If you’re in the market for a cloud solution, chances are you’ve heard of Microsoft’s Enterprise Agreement (EA), which has long been a favorite of both Microsoft and resellers for organizations with over 250 users. According to Network World, EA’s are “designed for companies with 250 seats or above, who want to standardize their Microsoft products, have the rights for the most current version of the software, and only want to account for additional seats once a year.” The agreement lasts for 3 years and automatically includes Software Assurance on all products for that term – all licenses in an EA are perpetual licenses, with the exception of subscriptions.
There are specific benefits to an EA – the pricing is set by Microsoft without any markup from a reseller and contains a higher level of discounts and Software Assurance over other volume licensing programs. Also, the cost for a three-year contract is broken down annually, so organizations don’t need to pay the whole amount at once. However, despite the benefits, EA’s do have a few drawbacks.
With an EA, an organization is contractually obligate to a “True-up” once a year. This means that an organization can add or remove users, products, or services at any time without having to place individual purchase orders and simply account for the changes during the yearly “True-up.” While this provides organizations with added convenience, fear of “True-up” charges may lead IT decision makers to estimate the amount of users they’ll add during the year at the time they sign the agreement, which can actually result in increased costs.
Why the fear? “True-up” charges are lump sum payments, meaning the entire cost of the product for the remainder of your three-year contract must be paid upfront. So, if an organization adds a product or service halfway through the first year of their contract, they’ll owe the full cost of the next two and a half years at “True-up ‘time – which can be an unwelcome surprise.
Datapipe Governance services can assist customers with management and optimization of licensing including EAs, but an EA is not going to be the best fit for every organization. In order to bring added choice and flexibility to clients, Datapipe also has access to license Microsoft cloud services through a new option called the Microsoft Cloud Solution Provider (CSP) program. Through the CSP, Datapipe manages the client relationship through support and managed services along with reselling Azure services. Customers pay a predictable monthly bill based on their usage of Microsoft cloud services, such as Azure and Office 365, through Datapipe vs. a software reseller. For very large organizations the discounts in CSP are not as large as the ones available through the EA program, but there is no up-front commitment.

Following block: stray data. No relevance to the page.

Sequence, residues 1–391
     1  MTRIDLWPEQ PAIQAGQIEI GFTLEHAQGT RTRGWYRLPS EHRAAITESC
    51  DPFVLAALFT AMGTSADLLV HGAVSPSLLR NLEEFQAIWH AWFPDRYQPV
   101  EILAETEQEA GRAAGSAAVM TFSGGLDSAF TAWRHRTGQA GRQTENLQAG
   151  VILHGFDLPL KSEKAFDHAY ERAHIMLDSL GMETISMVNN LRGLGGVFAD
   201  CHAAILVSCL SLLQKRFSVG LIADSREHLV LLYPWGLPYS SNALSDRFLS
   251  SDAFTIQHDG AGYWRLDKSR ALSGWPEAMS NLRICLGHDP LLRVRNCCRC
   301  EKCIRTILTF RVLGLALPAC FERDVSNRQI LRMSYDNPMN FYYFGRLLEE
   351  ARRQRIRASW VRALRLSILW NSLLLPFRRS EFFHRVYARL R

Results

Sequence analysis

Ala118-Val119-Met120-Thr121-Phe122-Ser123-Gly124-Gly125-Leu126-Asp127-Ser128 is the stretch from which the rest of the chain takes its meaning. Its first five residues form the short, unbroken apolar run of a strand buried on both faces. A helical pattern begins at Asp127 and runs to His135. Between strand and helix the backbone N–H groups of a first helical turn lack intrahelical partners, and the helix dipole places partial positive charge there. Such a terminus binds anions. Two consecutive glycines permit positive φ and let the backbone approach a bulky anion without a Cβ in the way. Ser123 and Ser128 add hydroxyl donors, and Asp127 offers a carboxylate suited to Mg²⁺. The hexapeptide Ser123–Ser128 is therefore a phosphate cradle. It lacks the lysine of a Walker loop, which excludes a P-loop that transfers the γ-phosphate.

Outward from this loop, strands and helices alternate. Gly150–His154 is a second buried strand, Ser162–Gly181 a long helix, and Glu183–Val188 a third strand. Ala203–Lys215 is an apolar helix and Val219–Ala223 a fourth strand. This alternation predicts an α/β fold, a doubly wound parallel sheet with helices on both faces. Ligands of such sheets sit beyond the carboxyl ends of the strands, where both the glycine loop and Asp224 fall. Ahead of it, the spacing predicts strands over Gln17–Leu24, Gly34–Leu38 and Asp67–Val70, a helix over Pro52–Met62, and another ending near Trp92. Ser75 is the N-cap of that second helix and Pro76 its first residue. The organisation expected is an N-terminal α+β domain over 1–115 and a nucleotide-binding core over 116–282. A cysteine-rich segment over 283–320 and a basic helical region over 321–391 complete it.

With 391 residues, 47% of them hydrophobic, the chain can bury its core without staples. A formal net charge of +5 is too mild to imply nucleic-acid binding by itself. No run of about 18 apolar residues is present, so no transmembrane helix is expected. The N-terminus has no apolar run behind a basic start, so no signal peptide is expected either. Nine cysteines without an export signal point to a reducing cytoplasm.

The CSP program is a great new option for clients that desire the unique features of this model, and also want their Datapipe support relationship to extend to Azure and Office 365. With CSP, Datapipe also manages more of the details related to cloud accounts and subscriptions. A client can leverage CSP for the entirety of their cloud usage, or to supplement existing licensing such as an EA. The key differentiator to note is that Datapipe managed services are accessible to clients via both models. A client truly has the choice of which works best for their organization or even possibly a mixture of both and they can rest assured that their environments will be managed by Datapipe in the same, consistent fashion. The table below breaks down the main difference between Microsoft’s Enterprise Agreement and Datapipe’s Cloud Solution Provider program.
|Enterprise Agreement||Cloud Solution Provider Program|
|Terms||3 years||Pay as you go|
|Payment||Upfront, in full||Month to month|
|Services||All Microsoft products||Azure, Office 365|
|Discounts||7-30% (Level A, B, C, D)||Comparable to EA Level A, B|
|Support||$1,000s monthly||Premier support included|
If you’re interested in learning more, check out these resources: